How Blogs and Content Marketing Drive Sales

Today we’re going to look at how businesses generate revenue from their blog and content marketing. We’re even going to show you how to do it, so you can replicate the sales results.

Blogging used to be something people did part time, for fun. Much like a diary or journal, blogging was a place to keep memories and write about an experience. Now, that’s all changed. It’s not even called a “blog” anymore. It’s called “content”, and you should be doing it to drive your sales.

You’ve  probably heard a lot about content marketing. Maybe you’ve even started a blog. What you may not know, is that most businesses are not treating it as a small piece of their marketing. Whether you’re B2B or B2C, content marketing makes up 30% of the marketing budget.

Percentage of Marketing Budget on Content

If you’re thinking well, I don’t sell to consumers, I sell to businesses. Great. But if you don’t think business owners read blogs, the best proof I have is to point out that you’re reading this one right now.

If you’re looking for statistical proof, you’ll see that B2B budgets are almost the same is B2C. It’s not magic, it works. That’s why one-third of every marketing dollar is funneled into content. When you find a winning formula, you stick with it.

Percentage of Total Budget on Content

Now that you know that businesses are taking it serious, you may ask why? How does a business make money off content marketing? There are three major reasons businesses invest so heavily in content marketing, and it’s no surprise that every one of them has to do with attracting customers.

More Content Brings In More Visitors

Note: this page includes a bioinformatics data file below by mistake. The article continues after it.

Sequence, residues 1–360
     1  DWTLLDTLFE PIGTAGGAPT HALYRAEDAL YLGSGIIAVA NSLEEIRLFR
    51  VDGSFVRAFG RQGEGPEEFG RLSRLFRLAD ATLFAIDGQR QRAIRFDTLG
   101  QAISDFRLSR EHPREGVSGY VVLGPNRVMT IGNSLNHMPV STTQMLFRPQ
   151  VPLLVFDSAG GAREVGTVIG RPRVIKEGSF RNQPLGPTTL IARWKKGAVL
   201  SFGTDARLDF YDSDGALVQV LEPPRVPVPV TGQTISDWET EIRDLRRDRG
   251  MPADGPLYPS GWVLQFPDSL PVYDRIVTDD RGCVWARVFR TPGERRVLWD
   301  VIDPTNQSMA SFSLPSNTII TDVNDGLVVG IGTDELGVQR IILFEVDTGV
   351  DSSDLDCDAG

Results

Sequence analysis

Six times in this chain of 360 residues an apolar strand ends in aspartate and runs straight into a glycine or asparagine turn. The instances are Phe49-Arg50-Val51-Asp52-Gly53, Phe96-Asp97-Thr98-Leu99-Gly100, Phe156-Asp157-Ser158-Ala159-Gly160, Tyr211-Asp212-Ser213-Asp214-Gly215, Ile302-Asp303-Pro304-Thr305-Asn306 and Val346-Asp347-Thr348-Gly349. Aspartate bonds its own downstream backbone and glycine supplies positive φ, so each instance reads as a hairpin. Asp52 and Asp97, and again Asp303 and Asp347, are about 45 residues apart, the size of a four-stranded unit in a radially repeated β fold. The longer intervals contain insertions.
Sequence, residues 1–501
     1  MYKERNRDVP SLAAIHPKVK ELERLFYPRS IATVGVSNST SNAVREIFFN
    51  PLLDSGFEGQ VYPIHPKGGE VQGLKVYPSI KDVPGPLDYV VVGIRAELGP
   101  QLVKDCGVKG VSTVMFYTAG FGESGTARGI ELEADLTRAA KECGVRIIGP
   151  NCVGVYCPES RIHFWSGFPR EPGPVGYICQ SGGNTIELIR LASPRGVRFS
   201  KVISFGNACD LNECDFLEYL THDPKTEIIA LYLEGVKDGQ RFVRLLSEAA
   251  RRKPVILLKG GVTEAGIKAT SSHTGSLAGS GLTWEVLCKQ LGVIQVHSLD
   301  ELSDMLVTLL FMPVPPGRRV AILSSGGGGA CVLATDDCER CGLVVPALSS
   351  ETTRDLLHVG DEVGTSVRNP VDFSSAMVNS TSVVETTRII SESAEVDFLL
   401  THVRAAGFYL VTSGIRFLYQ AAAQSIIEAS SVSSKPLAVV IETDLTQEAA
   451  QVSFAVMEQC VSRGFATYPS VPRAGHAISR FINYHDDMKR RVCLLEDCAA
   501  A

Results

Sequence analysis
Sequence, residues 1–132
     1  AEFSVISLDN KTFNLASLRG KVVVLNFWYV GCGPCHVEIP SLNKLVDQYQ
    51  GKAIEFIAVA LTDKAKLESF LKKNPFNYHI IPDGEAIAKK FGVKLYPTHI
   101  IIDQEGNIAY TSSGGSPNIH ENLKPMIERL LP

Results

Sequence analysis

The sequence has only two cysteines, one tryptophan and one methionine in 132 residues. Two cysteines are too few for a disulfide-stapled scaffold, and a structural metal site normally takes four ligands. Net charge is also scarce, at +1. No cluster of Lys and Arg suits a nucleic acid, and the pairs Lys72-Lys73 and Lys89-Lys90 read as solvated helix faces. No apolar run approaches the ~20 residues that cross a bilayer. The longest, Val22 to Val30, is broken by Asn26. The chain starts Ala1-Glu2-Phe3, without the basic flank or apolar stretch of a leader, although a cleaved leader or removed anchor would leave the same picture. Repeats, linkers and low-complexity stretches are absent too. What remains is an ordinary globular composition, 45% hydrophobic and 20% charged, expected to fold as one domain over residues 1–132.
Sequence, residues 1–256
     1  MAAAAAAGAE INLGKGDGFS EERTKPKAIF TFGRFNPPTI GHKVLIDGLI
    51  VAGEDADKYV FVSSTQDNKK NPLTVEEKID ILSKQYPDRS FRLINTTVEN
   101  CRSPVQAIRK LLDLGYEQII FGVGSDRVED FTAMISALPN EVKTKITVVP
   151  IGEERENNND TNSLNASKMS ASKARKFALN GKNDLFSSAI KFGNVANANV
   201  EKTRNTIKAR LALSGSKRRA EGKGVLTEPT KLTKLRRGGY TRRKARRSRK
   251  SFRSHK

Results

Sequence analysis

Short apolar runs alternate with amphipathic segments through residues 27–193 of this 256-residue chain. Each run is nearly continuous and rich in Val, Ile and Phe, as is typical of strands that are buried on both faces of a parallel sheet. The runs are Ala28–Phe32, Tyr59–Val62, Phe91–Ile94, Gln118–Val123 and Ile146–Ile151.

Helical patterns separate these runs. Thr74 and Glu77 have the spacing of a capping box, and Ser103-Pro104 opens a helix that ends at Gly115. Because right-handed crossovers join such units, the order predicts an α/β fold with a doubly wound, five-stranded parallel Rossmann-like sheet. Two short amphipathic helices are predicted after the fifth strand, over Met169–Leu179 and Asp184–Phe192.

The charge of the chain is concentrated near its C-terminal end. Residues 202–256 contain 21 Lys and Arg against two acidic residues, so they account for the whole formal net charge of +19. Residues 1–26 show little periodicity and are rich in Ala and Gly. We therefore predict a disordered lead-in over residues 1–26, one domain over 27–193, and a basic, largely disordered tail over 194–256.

How It Works: If you’re a pet store and you have articles about pets – how to take care of them, when you should get vaccines, what food to buy, etc – people are looking for these answers, and you have them. It’s rather simple really. If someone wants to know what type of food is best for their dog, they’re going to google that exact question. If your blog has an article about how to choose dog food, you’re now somewhere on the list of search results.

I really can’t put it any better than one of the top blogs on content marketing and SEO:

SEO makes demands. Content marketing fulfills those demands.

How It Makes Sales: If someone is looking for what type of dog food is best, they’ve now found your site via Google. They read the article about choosing dog food. You have become the expert. You also sell dog food. Who would you buy dog food from? A random store, or the expert that pointed you in the right direction? What if they have more questions, who are they going to ask? Congrats, you made it on the shopping list.

Let’s put it another way. Joe’s Pet Shop has a simple website with hours and brands. Jane’s Pet Shop has a website with hours and brands – but also a section about how to take care of your dog, what you should feed them, training techniques that work, easy ways to give your dog a bath, how to remove fleas, etc. Which website are you going to spend more time on? Who are you going to ask if you have a dog question? Which store do you think will offer you more information in store? What business would you feel more connected to? Which one has more of a sense of community? Exactly. Consumers go with those they trust to get the right answer and experience. Content builds that trust and community.